An index can be created on columns (also called keys) and rows. This way, it's possible to combine multiple tables into one virtual table by searching each column separately with its search criteria (referred to as a composite key). This acts like having many separate indexes all at once.

12. Database Normalization

Database normalization is organizing the data to prevent redundancy and improve data integrity. In addition, normalization is done to avoid the duplication of data, which can make it easier to change data in one place without changing it elsewhere.

Normalization is performed using a series of standard forms (1NF through 5NF). However, not all relationships between tables necessarily conform to these rules. The idea behind normalization is that if you follow these rules, you can be sure your database will be simple and easy for users to understand and use.

13. Data Integrity

Data Integrity is the property of a database that the data it contains is consistent, accurate, and timely. All information stored in a database is trustworthy, corroborated, and complete.

There are several ways to achieve data integrity:

  • Ensuring data completeness - making sure that every field has values for all records;
  • Ensuring data consistency - ensuring that the importance of one attribute does not contradict those of another;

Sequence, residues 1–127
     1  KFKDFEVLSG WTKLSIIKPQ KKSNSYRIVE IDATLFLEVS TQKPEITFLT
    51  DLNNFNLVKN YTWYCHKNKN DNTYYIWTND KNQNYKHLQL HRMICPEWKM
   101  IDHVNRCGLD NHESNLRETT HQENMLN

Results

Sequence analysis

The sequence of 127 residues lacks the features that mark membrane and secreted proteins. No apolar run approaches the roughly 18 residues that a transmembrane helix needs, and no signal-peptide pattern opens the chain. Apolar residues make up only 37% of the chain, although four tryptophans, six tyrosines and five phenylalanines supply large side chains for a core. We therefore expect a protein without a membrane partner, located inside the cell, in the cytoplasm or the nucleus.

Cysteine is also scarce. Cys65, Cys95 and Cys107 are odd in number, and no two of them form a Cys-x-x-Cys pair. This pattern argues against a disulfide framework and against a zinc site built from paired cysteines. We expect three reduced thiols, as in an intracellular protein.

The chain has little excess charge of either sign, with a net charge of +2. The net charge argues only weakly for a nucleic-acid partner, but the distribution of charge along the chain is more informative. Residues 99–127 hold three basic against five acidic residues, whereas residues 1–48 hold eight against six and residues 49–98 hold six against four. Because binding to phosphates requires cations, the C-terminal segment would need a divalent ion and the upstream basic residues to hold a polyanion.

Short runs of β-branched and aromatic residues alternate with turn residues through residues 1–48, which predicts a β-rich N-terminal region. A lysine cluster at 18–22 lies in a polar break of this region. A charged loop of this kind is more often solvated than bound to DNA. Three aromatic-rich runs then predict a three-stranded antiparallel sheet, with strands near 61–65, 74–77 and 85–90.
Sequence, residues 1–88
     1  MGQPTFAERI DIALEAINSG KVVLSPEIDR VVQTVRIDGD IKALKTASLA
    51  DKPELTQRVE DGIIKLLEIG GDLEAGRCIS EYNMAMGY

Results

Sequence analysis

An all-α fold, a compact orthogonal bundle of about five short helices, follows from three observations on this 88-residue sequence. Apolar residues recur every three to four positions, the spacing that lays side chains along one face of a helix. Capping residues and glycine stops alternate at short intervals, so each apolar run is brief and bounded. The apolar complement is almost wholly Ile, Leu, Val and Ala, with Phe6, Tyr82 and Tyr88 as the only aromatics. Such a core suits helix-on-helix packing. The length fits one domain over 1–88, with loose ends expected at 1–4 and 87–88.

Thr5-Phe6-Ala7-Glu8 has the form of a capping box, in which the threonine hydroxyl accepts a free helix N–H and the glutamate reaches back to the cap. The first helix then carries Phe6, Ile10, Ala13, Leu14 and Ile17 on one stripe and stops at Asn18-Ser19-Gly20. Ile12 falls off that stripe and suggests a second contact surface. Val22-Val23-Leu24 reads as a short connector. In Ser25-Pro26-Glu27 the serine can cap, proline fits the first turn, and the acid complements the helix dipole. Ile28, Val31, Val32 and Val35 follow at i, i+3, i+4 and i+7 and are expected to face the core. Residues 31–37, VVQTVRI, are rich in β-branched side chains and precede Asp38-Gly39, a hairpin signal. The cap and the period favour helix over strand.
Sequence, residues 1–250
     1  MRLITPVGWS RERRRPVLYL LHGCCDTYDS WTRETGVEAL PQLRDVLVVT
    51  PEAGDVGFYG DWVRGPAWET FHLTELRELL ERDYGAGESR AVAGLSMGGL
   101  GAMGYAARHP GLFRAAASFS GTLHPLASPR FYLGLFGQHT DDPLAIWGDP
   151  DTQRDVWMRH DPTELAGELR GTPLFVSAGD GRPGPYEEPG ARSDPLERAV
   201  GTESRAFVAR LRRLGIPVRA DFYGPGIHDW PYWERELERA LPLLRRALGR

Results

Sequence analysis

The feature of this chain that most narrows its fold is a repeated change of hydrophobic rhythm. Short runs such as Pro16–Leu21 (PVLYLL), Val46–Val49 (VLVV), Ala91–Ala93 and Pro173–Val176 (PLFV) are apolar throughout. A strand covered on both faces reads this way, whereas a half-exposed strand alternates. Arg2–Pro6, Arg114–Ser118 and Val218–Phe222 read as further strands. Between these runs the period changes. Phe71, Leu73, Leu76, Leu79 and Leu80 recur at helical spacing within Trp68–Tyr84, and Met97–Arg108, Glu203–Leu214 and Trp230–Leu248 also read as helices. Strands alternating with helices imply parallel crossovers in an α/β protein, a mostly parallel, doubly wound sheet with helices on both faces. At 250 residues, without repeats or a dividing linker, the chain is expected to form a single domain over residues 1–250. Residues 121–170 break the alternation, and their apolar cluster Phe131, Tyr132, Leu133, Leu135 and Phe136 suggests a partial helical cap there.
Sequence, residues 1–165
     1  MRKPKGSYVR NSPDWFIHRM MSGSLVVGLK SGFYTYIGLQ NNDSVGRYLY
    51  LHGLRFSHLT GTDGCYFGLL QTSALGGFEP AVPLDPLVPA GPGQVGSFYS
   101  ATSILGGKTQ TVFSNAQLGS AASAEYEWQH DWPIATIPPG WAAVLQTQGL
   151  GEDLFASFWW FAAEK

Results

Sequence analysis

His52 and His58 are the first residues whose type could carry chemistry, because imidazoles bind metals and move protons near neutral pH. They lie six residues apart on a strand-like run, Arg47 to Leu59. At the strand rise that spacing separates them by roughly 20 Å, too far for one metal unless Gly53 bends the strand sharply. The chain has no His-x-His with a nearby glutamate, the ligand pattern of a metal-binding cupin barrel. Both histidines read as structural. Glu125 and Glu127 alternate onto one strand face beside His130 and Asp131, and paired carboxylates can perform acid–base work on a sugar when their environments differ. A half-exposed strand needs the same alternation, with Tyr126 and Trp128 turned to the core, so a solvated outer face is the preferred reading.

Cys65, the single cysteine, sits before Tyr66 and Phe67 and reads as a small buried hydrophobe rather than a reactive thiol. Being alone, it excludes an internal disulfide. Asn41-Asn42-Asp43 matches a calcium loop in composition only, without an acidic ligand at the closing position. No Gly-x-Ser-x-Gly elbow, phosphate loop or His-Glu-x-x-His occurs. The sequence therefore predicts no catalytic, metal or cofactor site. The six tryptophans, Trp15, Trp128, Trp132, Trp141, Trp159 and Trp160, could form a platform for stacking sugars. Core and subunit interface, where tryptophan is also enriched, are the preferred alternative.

• Ensuring data timeliness - ensuring internal and external constraints such as business rules or other requirements set by stakeholders exist on time.

14. Data Warehousing

Data warehousing is collecting data from various sources, categorizing it, and storing it for later use. Data warehousing is helpful because it allows you one-stop access to all your data. This makes it easier to analyze and make decisions based on the data.

You may keep a lot of data organized and accessible in one place by adopting data warehousing. This can help you manage your organization's information and make better business decisions.

15. Database Security

Security of your database is just as crucial as any other part of it, especially if you're using it for sensitive information. If you've got sensitive information in your database, you must ensure it's secure. You can do this by setting up a firewall or a proxy server and configuring your network to ensure that the database is only accessible to authorized users.

Database security is also essential because it will help reduce the number of malware attacks on your system. Malware attacks are a common problem in databases because they can steal data or damage your hardware. Therefore, you must make sure that your system is secure if you plan to store sensitive information in your database and avoid any flaws that could let hackers into your system.

Final Thoughts

SQL is a powerful tool for data manipulation, analysis, and visualization. It helps you make sense of your data and make it more useful for your business.

In this blog post, we have discussed 15 common SQL terminologies that beginners should know. This blog post will hopefully help you understand SQL's basic concepts and how it can be used in data analytics.

This content is accurate and true to the best of the author’s knowledge and is not meant to substitute for formal and individualized advice from a qualified professional.

© 2022 Hassan